In Parenting

Educating Children About Cruelty

As children grow up, they often see parental guidance merely as a set list of rules and limitations that demarcate certain things and behaviors as off-limit.  How exactly does a parent describe and define cruelty to a child so that, rather than seeing it only as another rule, the child understands the harmful consequences of cruelty to others and themselves?

How can I teach my child to avoid cruelty?

Cruelty is getting some feeling of satisfaction out of others’ pain, giving the abuser the desire to do it again and again. When children are merely indifferent toward the pain of others, it is important to teach them the value of empathy. Children need to understand that others have feelings and experiences, just like they do, and that they are just as important as their own.

This is difficult for children, especially because they typically do not develop a Theory of Mind until they are three or four years old. Developing a Theory of Mind means understanding that there are minds in the world apart from your own, and that this is what informs other people’s behaviors.


Understanding the Theory of Mind

According to his research, Simon Baron-Cohen described Theory of Mind as, “being able to infer the full range of mental state (beliefs, desires, intentions, imaginations, emotions, etc.) that cause action”. Researchers test this by having a child and another person or a puppet watch as the researcher hides something somewhere and ask the child if the other person knows where the hidden object is. Then the other person or puppet leaves the room, and the object is hidden in another place. Then, researchers ask the child if the other person knows where the hidden object is. Children without Theory of Mind, the ability to put themselves in another perspective, will assume that ‘yes’ they do know, simply because the child does and cannot differentiate minds. Even if your child does have the signs of a Theory of Mind, this empathy game is successful at rationalizing empathy for a young child.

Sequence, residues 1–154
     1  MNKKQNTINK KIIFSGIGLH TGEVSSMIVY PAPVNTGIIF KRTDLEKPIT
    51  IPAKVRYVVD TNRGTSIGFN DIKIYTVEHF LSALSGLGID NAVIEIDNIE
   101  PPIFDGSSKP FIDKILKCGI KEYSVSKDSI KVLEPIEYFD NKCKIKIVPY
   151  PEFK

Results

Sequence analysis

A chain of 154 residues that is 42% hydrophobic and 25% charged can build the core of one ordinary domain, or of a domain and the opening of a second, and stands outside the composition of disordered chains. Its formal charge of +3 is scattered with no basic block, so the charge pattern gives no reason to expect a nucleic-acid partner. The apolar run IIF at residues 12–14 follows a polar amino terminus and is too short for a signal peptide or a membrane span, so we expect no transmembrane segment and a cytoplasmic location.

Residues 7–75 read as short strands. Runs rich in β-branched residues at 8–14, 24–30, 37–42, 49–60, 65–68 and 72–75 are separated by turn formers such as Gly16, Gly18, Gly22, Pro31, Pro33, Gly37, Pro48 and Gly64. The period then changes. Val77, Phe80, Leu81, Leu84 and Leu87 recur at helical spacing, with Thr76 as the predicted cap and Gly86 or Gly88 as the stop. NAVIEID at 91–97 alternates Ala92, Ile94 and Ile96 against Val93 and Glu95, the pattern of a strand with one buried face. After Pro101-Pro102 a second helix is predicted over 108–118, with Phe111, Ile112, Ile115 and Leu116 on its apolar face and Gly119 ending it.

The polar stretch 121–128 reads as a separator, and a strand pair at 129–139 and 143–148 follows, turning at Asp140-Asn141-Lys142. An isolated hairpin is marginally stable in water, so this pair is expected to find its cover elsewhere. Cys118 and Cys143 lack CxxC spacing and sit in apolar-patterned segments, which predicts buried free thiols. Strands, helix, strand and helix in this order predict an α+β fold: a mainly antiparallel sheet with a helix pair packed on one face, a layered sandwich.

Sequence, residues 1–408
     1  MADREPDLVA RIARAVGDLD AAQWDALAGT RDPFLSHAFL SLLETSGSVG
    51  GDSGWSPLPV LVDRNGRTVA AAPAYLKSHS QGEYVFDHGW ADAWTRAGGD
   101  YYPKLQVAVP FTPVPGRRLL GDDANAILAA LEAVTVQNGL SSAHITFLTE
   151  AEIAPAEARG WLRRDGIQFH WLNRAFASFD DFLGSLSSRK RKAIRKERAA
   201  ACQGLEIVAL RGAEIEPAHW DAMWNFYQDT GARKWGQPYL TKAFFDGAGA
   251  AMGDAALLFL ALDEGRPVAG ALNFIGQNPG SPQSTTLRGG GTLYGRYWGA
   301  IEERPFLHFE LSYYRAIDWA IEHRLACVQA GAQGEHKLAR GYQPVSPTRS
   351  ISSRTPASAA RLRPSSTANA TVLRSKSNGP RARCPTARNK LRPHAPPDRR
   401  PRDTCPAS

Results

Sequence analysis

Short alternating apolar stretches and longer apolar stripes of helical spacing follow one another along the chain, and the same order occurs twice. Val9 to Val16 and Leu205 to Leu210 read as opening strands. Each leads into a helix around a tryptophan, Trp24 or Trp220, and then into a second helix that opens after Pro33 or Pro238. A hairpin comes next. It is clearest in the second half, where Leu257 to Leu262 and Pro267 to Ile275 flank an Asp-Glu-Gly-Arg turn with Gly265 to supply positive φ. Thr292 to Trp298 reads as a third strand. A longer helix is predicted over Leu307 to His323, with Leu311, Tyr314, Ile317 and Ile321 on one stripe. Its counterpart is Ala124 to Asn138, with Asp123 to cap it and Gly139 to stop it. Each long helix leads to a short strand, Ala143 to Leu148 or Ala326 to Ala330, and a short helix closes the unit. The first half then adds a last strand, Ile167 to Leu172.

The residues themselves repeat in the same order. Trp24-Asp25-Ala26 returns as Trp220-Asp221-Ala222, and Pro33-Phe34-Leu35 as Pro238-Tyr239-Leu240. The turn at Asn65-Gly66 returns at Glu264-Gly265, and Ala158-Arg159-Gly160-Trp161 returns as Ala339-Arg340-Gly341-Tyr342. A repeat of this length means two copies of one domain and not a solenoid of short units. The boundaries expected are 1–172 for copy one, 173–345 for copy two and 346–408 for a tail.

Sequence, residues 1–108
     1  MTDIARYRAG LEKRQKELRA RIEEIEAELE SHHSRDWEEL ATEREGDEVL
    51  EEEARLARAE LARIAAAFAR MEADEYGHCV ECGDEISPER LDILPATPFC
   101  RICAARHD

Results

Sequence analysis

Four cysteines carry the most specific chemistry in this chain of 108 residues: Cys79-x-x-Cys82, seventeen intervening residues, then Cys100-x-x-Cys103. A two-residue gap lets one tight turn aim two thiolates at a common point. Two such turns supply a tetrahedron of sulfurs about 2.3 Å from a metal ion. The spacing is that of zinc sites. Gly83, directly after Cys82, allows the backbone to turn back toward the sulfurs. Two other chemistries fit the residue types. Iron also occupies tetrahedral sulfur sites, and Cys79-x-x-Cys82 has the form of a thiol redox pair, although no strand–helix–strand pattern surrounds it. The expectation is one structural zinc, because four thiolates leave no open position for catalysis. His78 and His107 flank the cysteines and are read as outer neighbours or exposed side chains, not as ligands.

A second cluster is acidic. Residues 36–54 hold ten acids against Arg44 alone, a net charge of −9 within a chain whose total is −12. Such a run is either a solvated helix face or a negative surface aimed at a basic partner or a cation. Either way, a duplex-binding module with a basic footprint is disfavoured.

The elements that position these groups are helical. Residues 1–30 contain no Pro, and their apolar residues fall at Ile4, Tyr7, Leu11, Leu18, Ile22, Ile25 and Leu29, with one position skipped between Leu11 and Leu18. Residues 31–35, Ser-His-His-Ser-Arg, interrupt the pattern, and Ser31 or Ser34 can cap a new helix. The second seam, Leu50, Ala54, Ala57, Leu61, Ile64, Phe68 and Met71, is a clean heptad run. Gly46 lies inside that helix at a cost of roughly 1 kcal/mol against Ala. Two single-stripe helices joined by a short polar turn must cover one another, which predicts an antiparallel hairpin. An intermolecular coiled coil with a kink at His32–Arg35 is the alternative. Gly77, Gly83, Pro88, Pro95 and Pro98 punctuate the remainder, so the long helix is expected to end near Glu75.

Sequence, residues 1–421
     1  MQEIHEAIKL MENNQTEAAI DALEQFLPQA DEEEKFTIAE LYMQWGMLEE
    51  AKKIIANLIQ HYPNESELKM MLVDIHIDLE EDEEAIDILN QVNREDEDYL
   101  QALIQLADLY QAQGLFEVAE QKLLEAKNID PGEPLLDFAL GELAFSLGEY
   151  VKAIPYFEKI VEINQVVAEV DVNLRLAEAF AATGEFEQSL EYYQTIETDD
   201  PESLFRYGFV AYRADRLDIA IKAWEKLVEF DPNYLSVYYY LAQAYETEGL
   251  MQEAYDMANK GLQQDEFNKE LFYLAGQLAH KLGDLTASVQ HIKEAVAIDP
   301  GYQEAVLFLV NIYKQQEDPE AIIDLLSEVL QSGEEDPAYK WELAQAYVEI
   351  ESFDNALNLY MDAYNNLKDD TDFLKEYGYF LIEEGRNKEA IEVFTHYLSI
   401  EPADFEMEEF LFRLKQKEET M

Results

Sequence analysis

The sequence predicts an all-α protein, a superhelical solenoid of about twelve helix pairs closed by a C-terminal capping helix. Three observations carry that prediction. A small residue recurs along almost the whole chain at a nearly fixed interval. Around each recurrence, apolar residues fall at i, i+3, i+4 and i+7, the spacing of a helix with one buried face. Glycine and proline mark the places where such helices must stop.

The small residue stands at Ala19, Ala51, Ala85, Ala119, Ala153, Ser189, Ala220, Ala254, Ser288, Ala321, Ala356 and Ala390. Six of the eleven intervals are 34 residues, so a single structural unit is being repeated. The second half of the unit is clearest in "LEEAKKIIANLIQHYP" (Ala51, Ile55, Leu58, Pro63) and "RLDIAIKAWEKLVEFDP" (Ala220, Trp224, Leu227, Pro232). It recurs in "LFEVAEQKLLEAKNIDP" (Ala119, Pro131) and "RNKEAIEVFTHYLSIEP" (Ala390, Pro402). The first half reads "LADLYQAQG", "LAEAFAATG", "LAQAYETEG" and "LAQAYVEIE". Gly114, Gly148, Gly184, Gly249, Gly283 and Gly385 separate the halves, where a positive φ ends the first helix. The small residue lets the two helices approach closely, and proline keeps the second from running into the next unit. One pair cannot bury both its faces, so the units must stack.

If your child is under the age of four and does not understand empathy, it could simply mean that their understanding of reality is developing a little slower than most children’s. However, to kid’s with a Theory of Mind understanding intact, this ignorance of the other turns into cruelty: a willful neglect of the feelings of others. They know if they can ignore the other person’s feelings, they can do what they have to in order to get what they want.

Cruelty at School

In fact, cruelty takes on social terms from fourth to ninth grade, where instead of stealing toys, boys and girls try to hurt the self-esteem or social status of others to make themselves feel better, cruelty and social aggression can become a form of satisfaction and control to the bully, without he or she ever having to be physical. Kirk Lorie, a teacher, describes the pervasiveness of this type of action at his school:

“Despite posters and reminders to be nice, the bullying is not so much physical, but more verbal abuse: name-calling and relentless taunting targeted at anyone different–smaller, smarter, less athletic.” Here, it’s evident, the ‘normal’ kids use words to demean the social value of others for their own pleasure and social status.